API discovery is the process of recording requests to a web service. While you are working with a web service, ReadyAPI is watching HTTP traffic and recording requests. The recorded requests can be used to create a test case or an API definition.
The main purpose of API discovery is to quickly create a test case that simulates realistic user behavior. While you are interacting with a service, ReadyAPI is collecting data on the sent requests. By specifying an API definition you can filter the recorded requests and create a test case using only those requests that were sent to the specified web service. To learn more, see Record Test Case Tutorial.
If a web service does not provide a definition, you can use API discovery to create it. In this case, you explore the web service and then use the data collected from the recorded requests to create an API definition. To learn more about this approach, see Discovery Tutorial.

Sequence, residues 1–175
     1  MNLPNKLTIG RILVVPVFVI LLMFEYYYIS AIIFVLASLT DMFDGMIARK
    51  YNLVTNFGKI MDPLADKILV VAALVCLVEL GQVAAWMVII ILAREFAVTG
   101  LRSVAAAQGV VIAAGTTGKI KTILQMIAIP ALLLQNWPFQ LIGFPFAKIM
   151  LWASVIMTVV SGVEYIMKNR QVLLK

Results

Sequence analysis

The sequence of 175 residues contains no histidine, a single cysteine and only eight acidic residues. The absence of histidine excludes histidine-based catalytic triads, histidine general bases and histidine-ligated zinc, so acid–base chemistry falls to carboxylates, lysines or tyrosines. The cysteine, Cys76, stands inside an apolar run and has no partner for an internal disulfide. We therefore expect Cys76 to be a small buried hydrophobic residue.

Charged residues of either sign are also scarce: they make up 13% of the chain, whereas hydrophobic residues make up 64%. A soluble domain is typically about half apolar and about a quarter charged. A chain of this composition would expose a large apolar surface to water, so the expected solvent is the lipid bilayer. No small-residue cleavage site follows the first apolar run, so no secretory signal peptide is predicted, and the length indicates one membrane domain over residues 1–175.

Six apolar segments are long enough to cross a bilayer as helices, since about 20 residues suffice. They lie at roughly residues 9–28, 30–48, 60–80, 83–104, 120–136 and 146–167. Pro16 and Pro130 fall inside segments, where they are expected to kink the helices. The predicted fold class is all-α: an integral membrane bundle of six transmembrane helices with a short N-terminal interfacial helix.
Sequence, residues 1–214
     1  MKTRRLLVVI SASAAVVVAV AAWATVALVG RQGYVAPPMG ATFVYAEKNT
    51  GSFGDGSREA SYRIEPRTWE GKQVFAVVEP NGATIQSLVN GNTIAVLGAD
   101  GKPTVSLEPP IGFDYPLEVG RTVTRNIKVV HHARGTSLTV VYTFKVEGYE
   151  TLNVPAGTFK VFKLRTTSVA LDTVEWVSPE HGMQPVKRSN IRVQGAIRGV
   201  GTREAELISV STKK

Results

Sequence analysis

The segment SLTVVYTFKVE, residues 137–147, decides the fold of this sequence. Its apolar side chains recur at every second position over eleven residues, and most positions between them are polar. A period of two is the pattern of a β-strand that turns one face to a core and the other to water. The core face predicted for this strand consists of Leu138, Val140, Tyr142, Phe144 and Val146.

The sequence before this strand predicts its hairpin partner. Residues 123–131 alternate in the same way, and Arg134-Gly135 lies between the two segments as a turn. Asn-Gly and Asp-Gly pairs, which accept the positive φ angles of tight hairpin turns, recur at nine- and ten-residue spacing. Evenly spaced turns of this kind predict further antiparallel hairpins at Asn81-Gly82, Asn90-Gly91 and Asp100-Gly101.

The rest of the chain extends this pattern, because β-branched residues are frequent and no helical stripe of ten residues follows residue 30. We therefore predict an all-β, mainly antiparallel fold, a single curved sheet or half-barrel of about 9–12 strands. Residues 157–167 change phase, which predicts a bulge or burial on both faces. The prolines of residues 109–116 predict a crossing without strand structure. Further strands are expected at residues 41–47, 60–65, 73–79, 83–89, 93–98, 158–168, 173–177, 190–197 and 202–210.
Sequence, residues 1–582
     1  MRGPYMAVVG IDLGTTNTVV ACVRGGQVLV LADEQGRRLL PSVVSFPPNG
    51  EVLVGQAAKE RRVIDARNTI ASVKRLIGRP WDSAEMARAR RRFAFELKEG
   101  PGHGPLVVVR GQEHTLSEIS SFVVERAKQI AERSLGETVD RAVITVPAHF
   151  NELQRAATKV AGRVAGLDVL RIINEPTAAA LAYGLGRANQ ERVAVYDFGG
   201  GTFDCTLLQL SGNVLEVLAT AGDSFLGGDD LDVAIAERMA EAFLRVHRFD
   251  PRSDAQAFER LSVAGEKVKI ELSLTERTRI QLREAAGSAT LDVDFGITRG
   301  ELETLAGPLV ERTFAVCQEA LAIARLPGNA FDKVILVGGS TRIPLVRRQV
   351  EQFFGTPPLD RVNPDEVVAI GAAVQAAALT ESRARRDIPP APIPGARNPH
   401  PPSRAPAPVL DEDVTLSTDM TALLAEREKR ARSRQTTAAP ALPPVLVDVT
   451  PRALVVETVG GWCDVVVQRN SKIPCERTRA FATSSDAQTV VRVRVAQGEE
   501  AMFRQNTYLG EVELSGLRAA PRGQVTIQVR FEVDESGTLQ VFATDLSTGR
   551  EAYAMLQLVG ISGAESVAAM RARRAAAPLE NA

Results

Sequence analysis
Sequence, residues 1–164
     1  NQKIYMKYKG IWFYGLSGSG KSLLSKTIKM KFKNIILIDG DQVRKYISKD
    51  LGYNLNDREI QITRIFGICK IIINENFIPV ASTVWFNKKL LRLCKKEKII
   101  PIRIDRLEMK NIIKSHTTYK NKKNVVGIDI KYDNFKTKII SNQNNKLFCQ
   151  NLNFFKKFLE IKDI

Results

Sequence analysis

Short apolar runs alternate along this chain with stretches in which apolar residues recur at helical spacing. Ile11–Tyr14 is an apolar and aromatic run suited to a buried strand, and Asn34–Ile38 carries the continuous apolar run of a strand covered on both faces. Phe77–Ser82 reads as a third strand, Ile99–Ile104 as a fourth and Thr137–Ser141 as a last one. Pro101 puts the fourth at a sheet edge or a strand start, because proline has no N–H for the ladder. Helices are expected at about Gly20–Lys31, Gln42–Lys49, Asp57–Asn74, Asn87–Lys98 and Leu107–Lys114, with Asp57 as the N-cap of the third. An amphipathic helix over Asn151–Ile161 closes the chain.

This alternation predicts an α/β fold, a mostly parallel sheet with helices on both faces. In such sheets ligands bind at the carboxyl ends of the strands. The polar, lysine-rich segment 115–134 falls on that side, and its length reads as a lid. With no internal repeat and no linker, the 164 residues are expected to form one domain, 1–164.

To discover API you can use internal ReadyAPI browser or use external browser or a client application that runs traffic through ReadyAPI proxy.
ReadyAPI internal browser acts as any other Internet browser – it sends requests and receives responses, then displays the generated web page. When recording requests in this way, you will get all requests sent to the server, not only the requests to the database. For example, you may record separate requests for images on the web page you load, for the login procedure and for the web page displayed after the login. You can select the requests you need after the recording.
Requests sent from the internal browser also carry the appropriate user agent, so the server can properly respond to them.
To record requests that cannot be simulated from a browser, you can set ReadyAPI to act as a proxy. Then, only the requests that you send through the proxy are recorded. You can set up any application to send these requests. Since most applications only work with the API to get the necessary data, you will get a lot less unneeded information. ReadyAPI can record both HTTP and HTTPS requests.